Symphonic band plays on through COVID restrictions
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Symphonic band plays on through COVID restrictions

The University of South Dakota’s Symphonic band performed a concert last Sunday. The event was live-streamed over USD’s live music website.

As with all things, COVID-19 has also affected the band. Live streaming is not new to musicians. In the past years, the Symphonic band has streamed its events and concerts, so families of players can attend, even if they don’t have the ability to travel to Vermillion.

John LaCognata is the Symphonic band’s conductor, as well as the applied lessons instructor for trumpet players.

“We look for the silver lining in COVID, and one of the benefits is that we have been able to develop new means of communication,” LaCognata said. “I hope that the live stream of our recitals, concerts and events continues well beyond COVID.”

The music department has put in safety restrictions to aid in the prevention of COVID.

Other protocols include masks, bell covers while playing, and six-foot spacing between people.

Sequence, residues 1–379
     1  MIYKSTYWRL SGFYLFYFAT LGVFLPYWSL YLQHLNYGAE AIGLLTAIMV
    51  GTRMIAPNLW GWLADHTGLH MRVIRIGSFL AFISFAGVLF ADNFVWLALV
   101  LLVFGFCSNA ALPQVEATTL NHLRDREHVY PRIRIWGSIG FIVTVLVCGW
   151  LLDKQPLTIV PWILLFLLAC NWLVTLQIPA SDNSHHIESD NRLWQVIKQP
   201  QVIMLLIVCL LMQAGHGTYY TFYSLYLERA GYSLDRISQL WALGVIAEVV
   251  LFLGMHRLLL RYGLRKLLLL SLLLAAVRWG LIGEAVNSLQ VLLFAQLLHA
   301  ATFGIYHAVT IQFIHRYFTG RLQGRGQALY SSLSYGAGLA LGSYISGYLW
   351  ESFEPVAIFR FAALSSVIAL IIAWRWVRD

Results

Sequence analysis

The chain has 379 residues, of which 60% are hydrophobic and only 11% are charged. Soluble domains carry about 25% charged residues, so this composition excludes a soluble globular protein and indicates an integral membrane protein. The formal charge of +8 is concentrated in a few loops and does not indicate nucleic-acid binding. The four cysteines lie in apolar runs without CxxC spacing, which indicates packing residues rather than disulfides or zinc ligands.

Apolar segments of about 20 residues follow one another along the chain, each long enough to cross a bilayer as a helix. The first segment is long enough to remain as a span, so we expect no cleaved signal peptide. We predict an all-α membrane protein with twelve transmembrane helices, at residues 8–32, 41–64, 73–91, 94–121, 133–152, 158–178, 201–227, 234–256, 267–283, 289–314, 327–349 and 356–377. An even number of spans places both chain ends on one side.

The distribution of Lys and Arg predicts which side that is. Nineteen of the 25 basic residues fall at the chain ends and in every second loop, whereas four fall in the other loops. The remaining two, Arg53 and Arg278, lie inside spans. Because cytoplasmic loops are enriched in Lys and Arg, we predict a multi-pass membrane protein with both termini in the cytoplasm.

There are over 45 musicians who play in the Symphonic band. Stages are not built for that many people with all their instruments and equipment. Musicians will be at the back of the stage and some will even be behind the conductor on the house floor. It will be like the musicians are circling their conductor.

“It’s challenging for the musicians because we are so spread out, but the students have adapted well and are doing a good job,” LaCognata said

Featured in this concert is USD freshman clarinetist Olivia Gulseth. With the band, she performed the first piece of Carl Weber’s Second Concerto for Clarinet. Olivia is the third winner of the band’s annual solo competition.

The competition is open to ensemble members studying with one of USD’s applied winds and percussion faculty members. The competition took place in February and the band and Gulseth have been practicing in preparation since.

“I did it as an experience just to do something and work on a project. I ended up winning and it was kind of a surprise,” Gulseth said.

The program included various pieces of work, some of which include “George Washington Bridge” by William Schumann and part one of “American Dances” by Alfred Reed. With the large selection of work, the band has been working tirelessly to perfect their rendition of the music.

Both LaCognata and Gulseth believe the band is ready to perform their selections to their audience. They have been practicing and are prepared.